Cheap Lira Rate Means Turkey Property Bargains - But Is It That Simple?
The lira had its most volatile month in December, falling practically every day and eventually reaching an all-time low of 20.04 against the euro on December 20, when Turkey’s currency had lost more than 60% of its value against the euro this year. Turkey is in the midst of an economic crisis, with official inflation rates above 21%, hurting food, fuel, and home goods costs. Are there any advantages of a low lira rate?
Economic Inflation and Its Impact on the Turkish Real Estate Market
One of the most important areas of the Turkish economy is real estate, which is increasing at an exponential rate. The business, which is booming despite the pandemic and the depreciation of the Turkish lira, is attracting more and more international investors. The significant advances in Turkey’s real estate market have not come about in vain or unexpectedly, as multiple data points to a steady increase in the number of foreign investors in Turkish real estate over the previous few years.
Nonetheless, the Turkish economy is caught between achieving annual growth – which reduces the value of the lira’s currency depreciation – and maintaining the lira’s macroeconomic stability, which leads to a deeper economic downturn. On the plus side, the depreciation of the Turkish currency makes Turkish enterprises more optimistic, possibly justifying the clear trend of overseas investment. Turkey has been passing pro-business policies to encourage new company ventures and growth.
Interest rates have a range of effects on real estate investments. Interest rates govern the cost of borrowing money, which has an impact on people every time they buy a house. Mortgage debt gets more expensive as interest rates climb. As interest rates decline, investors, on the other hand, spend less. Interest rates have a significant impact on funding costs and mortgage rates, which determine real estate expenses and, as a result, pricing. In addition to the price of investors’ new properties, interest rates have an impact on the structure of finances and demand for investments. Such money flows have an effect on real estate availability and demand, which has an impact on real estate values.
How Can Foreigners Benefit From the Low Lira Course?
Because the foreign buyer possesses foreign money, each fall of the Turkish lira is a bonus for investors, especially if they act promptly before real estate prices are adjusted to reflect the most recent currency rate. It’s vital to note that the cost of construction supplies and gasoline for heavy equipment is directly proportional to its cost. The deterioration of the Turkish lira’s value is one of the most important factors pushing international investors and companies to participate in real estate investments and purchase property in Turkey. Falling dollar prices may have piqued foreigners’ interest in purchasing real estate in Turkey.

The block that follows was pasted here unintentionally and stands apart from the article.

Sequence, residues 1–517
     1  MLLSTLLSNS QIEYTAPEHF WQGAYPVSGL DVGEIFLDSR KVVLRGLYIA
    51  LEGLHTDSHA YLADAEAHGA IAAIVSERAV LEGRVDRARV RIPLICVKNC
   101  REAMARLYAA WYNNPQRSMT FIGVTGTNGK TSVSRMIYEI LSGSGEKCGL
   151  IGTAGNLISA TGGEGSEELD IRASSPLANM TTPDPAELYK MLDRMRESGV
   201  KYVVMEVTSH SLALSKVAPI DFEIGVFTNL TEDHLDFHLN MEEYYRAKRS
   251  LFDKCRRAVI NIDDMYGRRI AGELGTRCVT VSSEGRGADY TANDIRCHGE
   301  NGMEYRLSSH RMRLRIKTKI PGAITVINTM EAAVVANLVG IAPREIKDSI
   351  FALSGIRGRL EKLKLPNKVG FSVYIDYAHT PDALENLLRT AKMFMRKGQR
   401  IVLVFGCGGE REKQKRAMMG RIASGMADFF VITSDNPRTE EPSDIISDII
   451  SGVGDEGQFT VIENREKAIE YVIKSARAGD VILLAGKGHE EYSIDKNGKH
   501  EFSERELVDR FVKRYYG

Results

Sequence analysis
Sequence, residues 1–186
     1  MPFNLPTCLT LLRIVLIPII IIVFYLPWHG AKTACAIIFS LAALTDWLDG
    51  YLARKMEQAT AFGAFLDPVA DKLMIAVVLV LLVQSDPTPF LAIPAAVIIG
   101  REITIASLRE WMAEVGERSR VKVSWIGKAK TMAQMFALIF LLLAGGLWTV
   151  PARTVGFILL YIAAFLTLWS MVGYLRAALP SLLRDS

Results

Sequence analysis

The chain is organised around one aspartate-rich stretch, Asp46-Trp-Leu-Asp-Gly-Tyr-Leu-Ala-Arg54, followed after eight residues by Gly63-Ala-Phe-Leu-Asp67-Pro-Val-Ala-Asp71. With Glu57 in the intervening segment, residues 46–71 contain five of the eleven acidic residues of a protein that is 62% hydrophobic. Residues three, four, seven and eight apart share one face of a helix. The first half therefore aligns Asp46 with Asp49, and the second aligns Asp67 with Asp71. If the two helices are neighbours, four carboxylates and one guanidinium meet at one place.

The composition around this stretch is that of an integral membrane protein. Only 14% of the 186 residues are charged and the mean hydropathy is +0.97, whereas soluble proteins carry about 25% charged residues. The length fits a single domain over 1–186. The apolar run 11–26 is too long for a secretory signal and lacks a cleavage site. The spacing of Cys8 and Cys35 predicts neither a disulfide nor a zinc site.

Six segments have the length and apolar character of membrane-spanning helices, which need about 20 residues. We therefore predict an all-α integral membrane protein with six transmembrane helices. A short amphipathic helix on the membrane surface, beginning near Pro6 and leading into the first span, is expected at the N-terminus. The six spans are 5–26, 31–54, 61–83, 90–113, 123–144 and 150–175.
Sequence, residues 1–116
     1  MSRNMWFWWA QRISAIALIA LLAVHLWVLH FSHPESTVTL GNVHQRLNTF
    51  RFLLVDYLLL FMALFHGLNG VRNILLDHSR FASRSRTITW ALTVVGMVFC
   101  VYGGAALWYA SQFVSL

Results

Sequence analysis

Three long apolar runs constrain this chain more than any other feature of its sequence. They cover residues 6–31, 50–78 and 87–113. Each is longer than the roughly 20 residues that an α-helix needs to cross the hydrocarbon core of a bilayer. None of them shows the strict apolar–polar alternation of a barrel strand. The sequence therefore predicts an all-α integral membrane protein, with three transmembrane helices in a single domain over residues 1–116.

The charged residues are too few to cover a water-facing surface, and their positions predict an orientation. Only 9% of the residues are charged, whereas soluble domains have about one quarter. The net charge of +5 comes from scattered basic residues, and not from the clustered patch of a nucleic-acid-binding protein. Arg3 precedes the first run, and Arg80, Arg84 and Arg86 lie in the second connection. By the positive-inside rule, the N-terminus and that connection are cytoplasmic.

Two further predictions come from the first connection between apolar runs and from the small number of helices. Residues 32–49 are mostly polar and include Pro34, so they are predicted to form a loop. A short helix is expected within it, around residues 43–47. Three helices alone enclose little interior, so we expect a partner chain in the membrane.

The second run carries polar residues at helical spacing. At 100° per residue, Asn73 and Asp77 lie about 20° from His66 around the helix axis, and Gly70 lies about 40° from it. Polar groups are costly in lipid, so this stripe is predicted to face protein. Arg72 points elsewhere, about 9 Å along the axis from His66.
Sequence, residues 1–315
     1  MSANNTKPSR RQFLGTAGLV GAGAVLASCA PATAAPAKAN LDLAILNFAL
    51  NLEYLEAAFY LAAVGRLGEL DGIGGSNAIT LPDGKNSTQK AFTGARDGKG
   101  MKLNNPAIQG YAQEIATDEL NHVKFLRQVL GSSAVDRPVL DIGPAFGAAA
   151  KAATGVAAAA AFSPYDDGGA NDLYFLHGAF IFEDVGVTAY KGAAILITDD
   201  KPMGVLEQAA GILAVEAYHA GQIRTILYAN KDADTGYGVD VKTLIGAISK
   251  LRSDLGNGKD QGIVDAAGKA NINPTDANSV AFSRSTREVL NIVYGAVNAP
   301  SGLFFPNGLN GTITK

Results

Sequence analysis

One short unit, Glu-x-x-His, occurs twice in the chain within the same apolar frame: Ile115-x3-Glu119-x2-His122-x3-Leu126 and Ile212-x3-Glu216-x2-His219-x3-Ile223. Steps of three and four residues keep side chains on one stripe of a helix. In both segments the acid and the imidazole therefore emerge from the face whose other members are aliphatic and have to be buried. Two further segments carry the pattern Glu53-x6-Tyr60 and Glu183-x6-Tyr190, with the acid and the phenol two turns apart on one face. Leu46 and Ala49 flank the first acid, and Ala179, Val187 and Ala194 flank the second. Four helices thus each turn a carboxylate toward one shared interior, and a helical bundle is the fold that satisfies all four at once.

The large selection of luxury and inexpensive, new construction, off-plan, renovated apartments and villas, and resale alternatives are the primary reasons foreign citizens are interested in purchasing real estate in Turkey following the depreciation of the Turkish lira. Due to the depreciation of the local currency, there are several possibilities available, ranging from luxury mansions with sea views to modest and low-cost apartments. Furthermore, many of the property transactions in Turkey have been in high demand, according to real estate marketing professionals.
Is the Depreciation of the Turkish Lira an Advantage for Foreign Investors?
The Turkish real estate market will always be a secure bet. The rise in the currency rate, as well as the opportunities for international investors to engage in Turkish real estate, are both appealing. As a result, the Turkish lira’s devaluation suggests that the entire real estate market is particularly tempting to foreign buyers. As a result, individuals are migrating to Turkey from the United Arab Emirates, Iran, Iraq, Russia, Ukraine, and Europe. The bulk of foreign homeowners buys apartments in Istanbul, which accounts for 46% of total annual real estate sales, followed by Antalya, which accounts for 20% of total annual income.
Although owning a home in Turkey is a simple and quick process, real estate is a good option for people from other nations. A major portion of real estate acquisitions is made by tourists who are fascinated with Turkey’s splendor, culture, and market dynamics. Turkey is one of the most sought-after destinations for international real estate investors, and its reputation is growing by the year.
Most of the benefits and incentives offered by the Turkish government to international investors to buy real estate in Turkey were related to the price of the dollar, therefore overseas investors are the greatest winners. It is not the Turkish lira that is used in Turkey. The purchase of a quarter-million-dollar home in exchange for Turkish citizenship is the most prominent of these incentives. Because it is based on foreign investments and foreign currency, the Turkish side will benefit in some way in this scenario. It’s important to note that it’s also seen as a viable alternative to borrowing from the International Monetary Fund.
Despite the drop in the value of the Turkish lira, Turkey remains one of Europe’s most promising real estate demands, and the Turkish real estate sector is one of the most significant sectors of the Turkish economy, accounting for 57 percent of total FDI in 2020.
Our thanks to Marta Boke of TERRA Real Estate for this article
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